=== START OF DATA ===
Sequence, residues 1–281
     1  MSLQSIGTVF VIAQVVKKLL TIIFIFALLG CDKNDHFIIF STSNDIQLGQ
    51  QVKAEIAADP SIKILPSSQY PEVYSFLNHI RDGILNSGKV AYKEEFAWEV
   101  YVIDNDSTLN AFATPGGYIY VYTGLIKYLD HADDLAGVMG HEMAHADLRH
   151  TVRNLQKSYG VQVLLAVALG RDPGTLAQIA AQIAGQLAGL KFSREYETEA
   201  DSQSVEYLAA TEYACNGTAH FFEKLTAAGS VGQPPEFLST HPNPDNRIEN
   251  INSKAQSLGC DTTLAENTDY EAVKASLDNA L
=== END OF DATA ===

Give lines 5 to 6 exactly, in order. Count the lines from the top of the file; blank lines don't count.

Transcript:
   151  TVRNLQKSYG VQVLLAVALG RDPGTLAQIA AQIAGQLAGL KFSREYETEA
   201  DSQSVEYLAA TEYACNGTAH FFEKLTAAGS VGQPPEFLST HPNPDNRIEN